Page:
On occasion I will post articles by guest contributors. The following was sent to me by Rachel Bernstein.
Why Are Americans Still Unemployed, and Why the Attack on Unions?
By Rachel Bernstein
Listening to the news today, as a person who was unemployed and now working as a Substitute Teacher, I find it appalling and shameful that so many Americans are still without jobs, struggling day after day to make ends meet. While they are touting lower unemployment rates, why are millions of men and women, including friends and neighbors, still struggling to find jobs, even though they have been contributing members to our communities? Why isn’t this seen as a national emergency?
Our country, with all its natural resources, must also value the inhabitants of this land. Every day, more and more people don’t have enough money for food or rent, and with all the horror of recent natural disasters, and worry of war too, we Americans are increasingly frightened: what is to become of us? This contradicts the idea that we grew up with: that we could have anything we set our minds to in this great country. Our children’s educations are increasingly at risk with schools closing and teachers being laid off. Many children are also among the hungry and homeless: how can they be fed and housed, and do well in schools if their families don’t have jobs?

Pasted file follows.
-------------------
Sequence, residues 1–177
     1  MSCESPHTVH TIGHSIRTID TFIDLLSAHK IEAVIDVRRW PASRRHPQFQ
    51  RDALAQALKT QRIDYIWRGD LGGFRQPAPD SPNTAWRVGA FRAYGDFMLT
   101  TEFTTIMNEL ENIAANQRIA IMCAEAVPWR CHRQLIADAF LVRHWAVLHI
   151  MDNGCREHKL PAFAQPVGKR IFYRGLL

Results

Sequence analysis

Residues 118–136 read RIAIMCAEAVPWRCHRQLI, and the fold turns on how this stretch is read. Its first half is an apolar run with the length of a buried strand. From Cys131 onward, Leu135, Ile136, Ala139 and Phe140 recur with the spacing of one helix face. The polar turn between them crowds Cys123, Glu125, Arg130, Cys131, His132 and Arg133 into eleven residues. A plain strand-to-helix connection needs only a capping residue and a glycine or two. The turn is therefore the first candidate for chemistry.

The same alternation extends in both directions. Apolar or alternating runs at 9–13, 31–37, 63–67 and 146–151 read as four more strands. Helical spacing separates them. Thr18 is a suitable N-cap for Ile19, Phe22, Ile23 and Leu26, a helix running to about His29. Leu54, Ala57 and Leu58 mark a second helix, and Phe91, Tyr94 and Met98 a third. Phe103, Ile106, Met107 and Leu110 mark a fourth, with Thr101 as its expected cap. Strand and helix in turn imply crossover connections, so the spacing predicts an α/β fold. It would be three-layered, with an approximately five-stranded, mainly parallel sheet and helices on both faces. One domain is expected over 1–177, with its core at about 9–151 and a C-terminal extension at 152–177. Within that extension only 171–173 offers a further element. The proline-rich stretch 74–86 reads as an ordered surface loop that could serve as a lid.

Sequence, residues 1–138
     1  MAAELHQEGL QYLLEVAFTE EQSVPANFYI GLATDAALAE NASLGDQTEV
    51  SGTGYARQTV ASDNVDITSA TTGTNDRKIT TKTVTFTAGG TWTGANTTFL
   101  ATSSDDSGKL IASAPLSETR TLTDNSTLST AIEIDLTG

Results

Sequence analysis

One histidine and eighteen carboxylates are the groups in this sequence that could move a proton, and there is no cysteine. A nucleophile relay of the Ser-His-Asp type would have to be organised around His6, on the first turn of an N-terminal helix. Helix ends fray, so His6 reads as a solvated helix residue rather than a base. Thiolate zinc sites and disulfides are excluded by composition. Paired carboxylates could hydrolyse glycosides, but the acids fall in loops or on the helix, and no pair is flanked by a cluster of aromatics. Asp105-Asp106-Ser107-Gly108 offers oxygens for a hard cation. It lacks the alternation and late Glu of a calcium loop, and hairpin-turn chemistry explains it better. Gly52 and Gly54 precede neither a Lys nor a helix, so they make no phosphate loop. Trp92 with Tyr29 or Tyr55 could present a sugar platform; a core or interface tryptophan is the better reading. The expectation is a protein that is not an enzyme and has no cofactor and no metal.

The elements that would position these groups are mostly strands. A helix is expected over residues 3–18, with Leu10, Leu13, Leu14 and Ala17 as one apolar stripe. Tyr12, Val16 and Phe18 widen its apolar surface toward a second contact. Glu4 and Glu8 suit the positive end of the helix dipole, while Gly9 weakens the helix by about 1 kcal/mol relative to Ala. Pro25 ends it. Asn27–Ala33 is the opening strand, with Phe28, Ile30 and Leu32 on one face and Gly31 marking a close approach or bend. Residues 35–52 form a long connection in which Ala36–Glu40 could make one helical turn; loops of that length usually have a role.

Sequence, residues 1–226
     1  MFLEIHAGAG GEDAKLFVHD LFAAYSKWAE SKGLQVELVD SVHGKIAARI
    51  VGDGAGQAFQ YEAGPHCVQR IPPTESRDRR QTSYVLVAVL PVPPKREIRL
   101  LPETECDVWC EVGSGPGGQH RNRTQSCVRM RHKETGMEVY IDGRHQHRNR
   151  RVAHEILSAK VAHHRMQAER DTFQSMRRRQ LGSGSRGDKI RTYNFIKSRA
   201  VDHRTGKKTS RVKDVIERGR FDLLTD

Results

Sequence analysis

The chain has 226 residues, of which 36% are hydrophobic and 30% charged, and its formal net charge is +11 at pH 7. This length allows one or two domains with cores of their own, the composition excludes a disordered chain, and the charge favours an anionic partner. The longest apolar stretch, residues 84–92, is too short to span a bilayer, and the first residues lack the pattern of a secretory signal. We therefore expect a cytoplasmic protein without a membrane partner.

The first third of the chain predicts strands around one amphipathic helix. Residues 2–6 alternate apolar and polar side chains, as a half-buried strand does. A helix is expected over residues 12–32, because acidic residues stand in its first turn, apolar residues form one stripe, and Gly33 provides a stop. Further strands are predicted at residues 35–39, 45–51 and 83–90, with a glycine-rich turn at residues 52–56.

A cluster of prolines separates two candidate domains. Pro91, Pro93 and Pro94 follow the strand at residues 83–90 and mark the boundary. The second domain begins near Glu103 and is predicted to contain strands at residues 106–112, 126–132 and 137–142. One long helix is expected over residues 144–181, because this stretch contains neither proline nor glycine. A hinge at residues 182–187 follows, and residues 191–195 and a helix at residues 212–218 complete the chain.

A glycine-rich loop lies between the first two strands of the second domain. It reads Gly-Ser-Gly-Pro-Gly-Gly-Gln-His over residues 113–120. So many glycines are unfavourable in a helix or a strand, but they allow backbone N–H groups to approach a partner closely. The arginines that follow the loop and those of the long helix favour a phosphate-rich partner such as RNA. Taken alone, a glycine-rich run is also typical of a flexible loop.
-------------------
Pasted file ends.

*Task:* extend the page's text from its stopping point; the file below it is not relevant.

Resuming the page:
One reassurance in these days has been unions’ historic ability to protect working people from arbitrary firings and for securing decent wages, benefits, and safer workplaces. It makes me angry at the recent bald-faced attempts to break unions and the malicious efforts of politicians to sway the public against them. I applaud the people of Wisconsin for their bravery and stalwartness. We need unions now more than ever!
An important answer is in this statement by Eli Siegel, founder of the philosophy Aesthetic Realism. He stated:
There will be no economic recovery in the world until economics itself, the making of money, the having of jobs, becomes ethical; is based on good will rather than on the ill will which has been predominant for centuries.
This provides a road map for how we should see the U.S. economy, so that the right steps can be taken to create jobs, maintain justice in the workplace, and take care of our children, so that all Americans can have a brighter future.
Thanks for your contribution, Rachel. I hope that in today’s business and political arenas ethical considerations become more than norm than the exception.